The English Civil War and Ancient Greek are radio programmes I listened to, in which the protagonist, a disillusioned or angry man, transgresses social norms for the sake of some cause dear to him.

One day a cavalier walks into a supermarket. Is he the real thing or is his battle a more modern matter?

Cavalier soldier Hals-1624x
In the introduction, a woman describes the pleasure of sitting high in a big tree, while an officious man broadcasts legal threats through a loudspeaker. At first I thought I had the wrong channel or time, but after a minute or two the woman reminisces about stacking shelves in a supermarket, and the day on which something out of the ordinary happened. I gave up after listening to the first half of this drama. I couldn’t believe that the cavalier adapted to the modern world so quickly e.g. How would he know the names of parts of the supermarket? Would a historical cavalier have accepted a woman manager as an authority figure? Why is he shooting at people and holding the staff hostage anyway?

I guess that the “cavalier” is an unbalanced modern man with a personal grudge, perhaps an ex-employee. I fear that employing a random psychopath to express a rant about society isn’t an effective medium for social criticism. Who sees authority in a gun and a fake mantle of tradition? Ludicrously, the ending paints the gunman as some sort of messiah. Blessed are the Peacemakers (a brand of gun)! Apparently the reactionary rant is against supermarkets. There is singing.

Ancient Greek

My patience was exhausted after ten minutes of this forty-five minute radio drama written by Oliver Emanuel. Like The English Civil War, the protagonist commits crimes in the name of some (reactionary?) rant. The first ten minutes introduced some characters and described the crime – a student vandalises a school – but didn’t say anything about the rant thesis. Students are more oppressed than slaves (with luck a slave who runs away can soon become free; a student who escapes is cursed forever). Authoritarian administrations are an easy target. I think “show don’t tell” applies. Radio listeners are fickle. If I don’t know why the drama exists after a good chunk, it failed.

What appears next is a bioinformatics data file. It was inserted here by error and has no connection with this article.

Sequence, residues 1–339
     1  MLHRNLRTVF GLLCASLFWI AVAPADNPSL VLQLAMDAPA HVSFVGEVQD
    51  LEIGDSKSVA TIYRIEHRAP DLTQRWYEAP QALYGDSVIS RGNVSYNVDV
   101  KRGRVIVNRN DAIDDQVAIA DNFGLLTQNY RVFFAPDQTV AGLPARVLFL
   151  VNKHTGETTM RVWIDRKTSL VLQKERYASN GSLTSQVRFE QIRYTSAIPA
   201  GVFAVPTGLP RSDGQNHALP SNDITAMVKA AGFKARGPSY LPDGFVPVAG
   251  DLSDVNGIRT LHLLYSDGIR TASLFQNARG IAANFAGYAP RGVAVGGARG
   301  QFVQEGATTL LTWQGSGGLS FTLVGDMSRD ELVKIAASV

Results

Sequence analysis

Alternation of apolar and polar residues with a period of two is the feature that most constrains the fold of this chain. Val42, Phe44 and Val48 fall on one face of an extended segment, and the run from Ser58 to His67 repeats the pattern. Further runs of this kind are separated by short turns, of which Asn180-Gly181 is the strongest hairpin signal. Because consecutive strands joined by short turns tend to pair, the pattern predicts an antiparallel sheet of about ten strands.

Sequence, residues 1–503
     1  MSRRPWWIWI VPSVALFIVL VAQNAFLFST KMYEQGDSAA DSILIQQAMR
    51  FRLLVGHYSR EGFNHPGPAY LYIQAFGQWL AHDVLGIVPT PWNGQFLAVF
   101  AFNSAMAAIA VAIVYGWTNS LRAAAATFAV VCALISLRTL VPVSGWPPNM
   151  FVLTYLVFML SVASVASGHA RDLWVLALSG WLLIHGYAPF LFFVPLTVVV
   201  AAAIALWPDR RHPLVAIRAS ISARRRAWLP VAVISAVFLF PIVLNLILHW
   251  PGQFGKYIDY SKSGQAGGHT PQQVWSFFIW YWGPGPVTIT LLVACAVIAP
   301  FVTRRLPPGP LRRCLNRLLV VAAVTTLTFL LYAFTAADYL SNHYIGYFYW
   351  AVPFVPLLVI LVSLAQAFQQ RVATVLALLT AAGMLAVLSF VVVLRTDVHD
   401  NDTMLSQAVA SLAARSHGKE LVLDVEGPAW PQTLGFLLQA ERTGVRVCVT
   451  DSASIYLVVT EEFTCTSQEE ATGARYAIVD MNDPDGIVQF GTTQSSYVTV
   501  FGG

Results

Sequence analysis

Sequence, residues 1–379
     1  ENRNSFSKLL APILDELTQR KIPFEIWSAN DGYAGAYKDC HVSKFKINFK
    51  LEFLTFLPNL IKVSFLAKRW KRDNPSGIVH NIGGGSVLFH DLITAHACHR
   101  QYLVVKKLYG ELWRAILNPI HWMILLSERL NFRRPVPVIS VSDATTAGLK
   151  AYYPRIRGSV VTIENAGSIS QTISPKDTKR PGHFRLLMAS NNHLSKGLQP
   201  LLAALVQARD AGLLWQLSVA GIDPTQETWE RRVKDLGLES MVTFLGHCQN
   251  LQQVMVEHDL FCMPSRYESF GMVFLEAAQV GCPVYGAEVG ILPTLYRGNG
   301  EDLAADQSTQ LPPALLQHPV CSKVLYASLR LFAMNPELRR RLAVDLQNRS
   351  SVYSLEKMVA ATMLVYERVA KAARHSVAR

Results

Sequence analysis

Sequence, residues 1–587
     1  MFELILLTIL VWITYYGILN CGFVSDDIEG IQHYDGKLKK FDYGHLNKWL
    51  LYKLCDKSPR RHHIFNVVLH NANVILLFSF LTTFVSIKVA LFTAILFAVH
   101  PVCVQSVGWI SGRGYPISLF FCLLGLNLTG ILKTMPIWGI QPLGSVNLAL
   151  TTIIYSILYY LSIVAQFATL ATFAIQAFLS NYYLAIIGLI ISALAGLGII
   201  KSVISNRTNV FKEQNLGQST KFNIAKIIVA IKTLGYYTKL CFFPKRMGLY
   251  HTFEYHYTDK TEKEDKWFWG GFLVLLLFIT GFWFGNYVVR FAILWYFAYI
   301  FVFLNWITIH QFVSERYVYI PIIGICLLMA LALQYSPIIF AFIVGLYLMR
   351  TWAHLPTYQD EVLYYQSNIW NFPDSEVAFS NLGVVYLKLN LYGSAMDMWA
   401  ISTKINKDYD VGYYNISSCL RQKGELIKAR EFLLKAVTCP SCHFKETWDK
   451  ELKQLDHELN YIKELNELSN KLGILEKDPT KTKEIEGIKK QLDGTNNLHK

Kennedy (Photo credit: Wikipedia)

This short story is set in the late 1960s during the time of the Cuban Missile Crisis, a young woman struggles to plan for a future which may not be. Rhona has run away from her relationship problems. At her hotel, she comes to an understanding. I listened to an audio adaptation read by Jilly Bond. The audio was introduced by the period music, Telstar.

English: Telstar 2 satellite Polski: Satelita ...

Telstar 2 satellite (Photo credit: Wikipedia)

Sally recalls how she and ex-husband Jeremy celebrated their 35th wedding anniversary in romantic Paris.


Champs-Élysées (Photo credit: urbnTHNKr)

I listened to an audio adaptation read by Sian Phillips.
The reader expressed the nostalgic and regretful but upbeat tone of the first-person writing with strong patient dramatic tones. French names and occasional French dialogue (a few phrases – you can guess or skip them if you aren’t a Francophone) were clear and well pronounced.

English: Bradley Manning

English: Bradley Manning (Photo credit: Wikipedia)

In this audio dramatisation of what happened to Bradley Manning,

the transition from publishing classified documents to being held in a cell awaiting trial was abrupt. In the fullness of time we may hope to learn more of Bradley Manning’s thought process, at the moment when he could choose to send the damning confidential documents out into the world (the transfer would have taken time, what did he do during it?) or let them remain secret.

I listened to an audio dramatisation written by Steven Water, performed by a cast of voice actors.